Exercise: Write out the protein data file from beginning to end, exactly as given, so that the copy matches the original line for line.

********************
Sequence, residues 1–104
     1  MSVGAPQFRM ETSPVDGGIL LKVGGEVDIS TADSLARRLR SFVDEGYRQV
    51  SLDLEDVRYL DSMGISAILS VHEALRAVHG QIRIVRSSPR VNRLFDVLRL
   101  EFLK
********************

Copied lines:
Sequence, residues 1–104
     1  MSVGAPQFRM ETSPVDGGIL LKVGGEVDIS TADSLARRLR SFVDEGYRQV
    51  SLDLEDVRYL DSMGISAILS VHEALRAVHG QIRIVRSSPR VNRLFDVLRL
   101  EFLK